House Republican lawmakers overcome internal divisions to pass debt ceiling bill
MICHEL MARTIN, HOST:
Republicans finally made an opening bid in the fight over paying federal bills.
STEVE INSKEEP, HOST:
Leaders of the House have said they will not pay those bills unless they get something in return. And up to last night, they had not agreed on what they wanted. Now a bare majority does. Speaker Kevin McCarthy got through a bill that extends federal borrowing for less than a year but also demands that President Biden cancel much of his agenda.
(SOUNDBITE OF ARCHIVED RECORDING)
KEVIN MCCARTHY: You've underestimated us. But you know the one place that they haven't underestimated? The American public. Why? 'Cause those are the people we were working for day in and day out. And just as it took me 15 rounds to win speaker, the one thing I have promised the American public - I will never give up on you.
INSKEEP: OK, so the House majority now agrees on a position which the Democratic-led Senate is not expected to pass at all. Democrats have said the United States should simply meet its obligations and avoid default.
MARTIN: NPR congressional correspondent Claudia Grisales is here with us now to give us the details. Good morning, Claudia.
CLAUDIA GRISALES, BYLINE: Good morning, Michel.
MARTIN: So let's start with the Republican bill. What's in it?
GRISALES: Well, the centerpiece of it is that it increases the debt limit by 1.5 trillion or it raises it until March of next year, whichever of these happens first. And that's linked to a series of Republican initiatives from a plan to cap spending for several years to efforts to repeal parts of President Biden's so-called Inflation Reduction Act. It also looks to block the Biden administration's efforts to forgive certain student loans, install requirements for certain adults who seek federal assistance, such as food stamps, and cancels unspent pandemic relief funds.
MARTIN: And the clip that we just heard kind of alludes to this. It seemed that Speaker McCarthy did not have the votes at some point to pass this plan. Do we know what changed?
GRISALES: Yes, a few things. Republicans saw a breakthrough in closed-door negotiations. One by one, we saw holdouts leave his office and say they were going to support the bill. And this includes one significant change when McCarthy agreed to back off plans to repeal a provision in the original Republican bill to allow tax credits for ethanol production. This is a key concern for Republican members in the Midwest. And in the end, with this razor-thin margin, McCarthy could only lose four members of his conference and indeed only four voted no. Afterwards, he boasted repeatedly to reporters last night that his conference has passed the only bill in Washington that addresses the debt limit and encourages spending cuts.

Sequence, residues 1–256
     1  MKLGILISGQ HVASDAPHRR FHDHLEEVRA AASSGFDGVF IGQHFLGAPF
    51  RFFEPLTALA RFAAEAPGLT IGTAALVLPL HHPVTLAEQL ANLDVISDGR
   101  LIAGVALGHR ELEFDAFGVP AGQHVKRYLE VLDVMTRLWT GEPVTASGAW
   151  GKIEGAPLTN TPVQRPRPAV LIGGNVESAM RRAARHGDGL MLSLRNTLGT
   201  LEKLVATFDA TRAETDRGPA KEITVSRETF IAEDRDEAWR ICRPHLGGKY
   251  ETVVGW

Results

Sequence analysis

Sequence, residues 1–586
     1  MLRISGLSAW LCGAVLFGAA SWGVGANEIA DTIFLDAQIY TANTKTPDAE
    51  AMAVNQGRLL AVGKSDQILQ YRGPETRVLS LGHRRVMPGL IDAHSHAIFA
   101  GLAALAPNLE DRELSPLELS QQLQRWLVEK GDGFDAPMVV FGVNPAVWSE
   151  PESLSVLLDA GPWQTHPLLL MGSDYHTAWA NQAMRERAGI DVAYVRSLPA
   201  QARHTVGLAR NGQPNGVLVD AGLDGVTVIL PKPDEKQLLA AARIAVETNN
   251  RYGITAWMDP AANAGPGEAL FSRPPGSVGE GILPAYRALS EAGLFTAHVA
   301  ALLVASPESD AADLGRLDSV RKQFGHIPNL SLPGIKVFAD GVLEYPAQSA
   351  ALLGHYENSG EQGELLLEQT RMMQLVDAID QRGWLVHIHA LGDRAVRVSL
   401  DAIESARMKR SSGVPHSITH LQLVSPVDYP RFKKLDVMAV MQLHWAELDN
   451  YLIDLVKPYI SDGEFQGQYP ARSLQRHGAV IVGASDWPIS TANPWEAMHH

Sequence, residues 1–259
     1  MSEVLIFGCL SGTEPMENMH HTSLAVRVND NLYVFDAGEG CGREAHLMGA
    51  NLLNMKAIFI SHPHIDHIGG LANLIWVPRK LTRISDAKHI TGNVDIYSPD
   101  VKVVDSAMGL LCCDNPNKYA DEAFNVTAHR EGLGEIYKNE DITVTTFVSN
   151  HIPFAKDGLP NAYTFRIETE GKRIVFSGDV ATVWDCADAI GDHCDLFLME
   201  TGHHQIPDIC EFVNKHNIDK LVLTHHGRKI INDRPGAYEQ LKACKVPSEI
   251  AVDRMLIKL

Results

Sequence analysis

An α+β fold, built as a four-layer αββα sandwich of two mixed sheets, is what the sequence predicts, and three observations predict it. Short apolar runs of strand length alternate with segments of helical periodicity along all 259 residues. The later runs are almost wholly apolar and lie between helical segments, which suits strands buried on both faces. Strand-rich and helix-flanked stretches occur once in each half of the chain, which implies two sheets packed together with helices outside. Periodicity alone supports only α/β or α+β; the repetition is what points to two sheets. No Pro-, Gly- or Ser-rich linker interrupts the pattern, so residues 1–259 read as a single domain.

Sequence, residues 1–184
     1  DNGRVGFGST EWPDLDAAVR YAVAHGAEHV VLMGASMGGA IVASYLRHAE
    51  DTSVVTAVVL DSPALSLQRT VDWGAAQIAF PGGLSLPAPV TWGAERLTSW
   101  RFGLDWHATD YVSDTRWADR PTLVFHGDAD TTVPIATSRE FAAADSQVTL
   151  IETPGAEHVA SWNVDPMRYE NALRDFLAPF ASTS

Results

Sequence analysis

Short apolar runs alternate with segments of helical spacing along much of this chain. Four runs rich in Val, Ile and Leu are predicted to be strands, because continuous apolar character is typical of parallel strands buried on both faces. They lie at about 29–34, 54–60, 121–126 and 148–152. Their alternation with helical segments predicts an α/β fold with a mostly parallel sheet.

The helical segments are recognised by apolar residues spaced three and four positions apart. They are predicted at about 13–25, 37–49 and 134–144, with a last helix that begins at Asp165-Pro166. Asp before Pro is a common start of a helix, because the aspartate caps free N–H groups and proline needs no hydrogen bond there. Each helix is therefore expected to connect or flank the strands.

MARTIN: So this would seem to ramp up pressure for President Biden to meet with Speaker McCarthy. Now, what is the president saying?
GRISALES: Right. The last time they had an extended conversation about this was in February. Biden has repeatedly said he will not negotiate on the debt limit. And yesterday, following a bilateral meeting and press conference with South Korea's president, Biden addressed this question again on whether he'd entertain another McCarthy meeting.
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PRESIDENT JOE BIDEN: I'm happy to meet with McCarthy, but not on whether or not the debt limit gets extended. That's not negotiable.
GRISALES: So he has said that he will meet to talk about spending but is keeping the debt limit conversation separate. And he went on to argue that Republican presidents would not let this debt limit standoff get this far.
MARTIN: So what's next?
GRISALES: So although this legislation heads to the Senate, it is considered DOA there. Senate Majority Leader Chuck Schumer and other Democrats have said this is a nonstarter and that Congress should pass a, quote, "clean bill" to lift the debt ceiling and then negotiate on spending. But this is basically the next stage in a very dangerous stalemate. The stakes continue to rise for financial default for this country as we get closer to the date where the U.S. runs out of money to pay its bills without a bipartisan deal in hand.
MARTIN: NPR's Claudia Grisales. Claudia, thank you.
GRISALES: Thank you much. Transcript provided by NPR, Copyright NPR.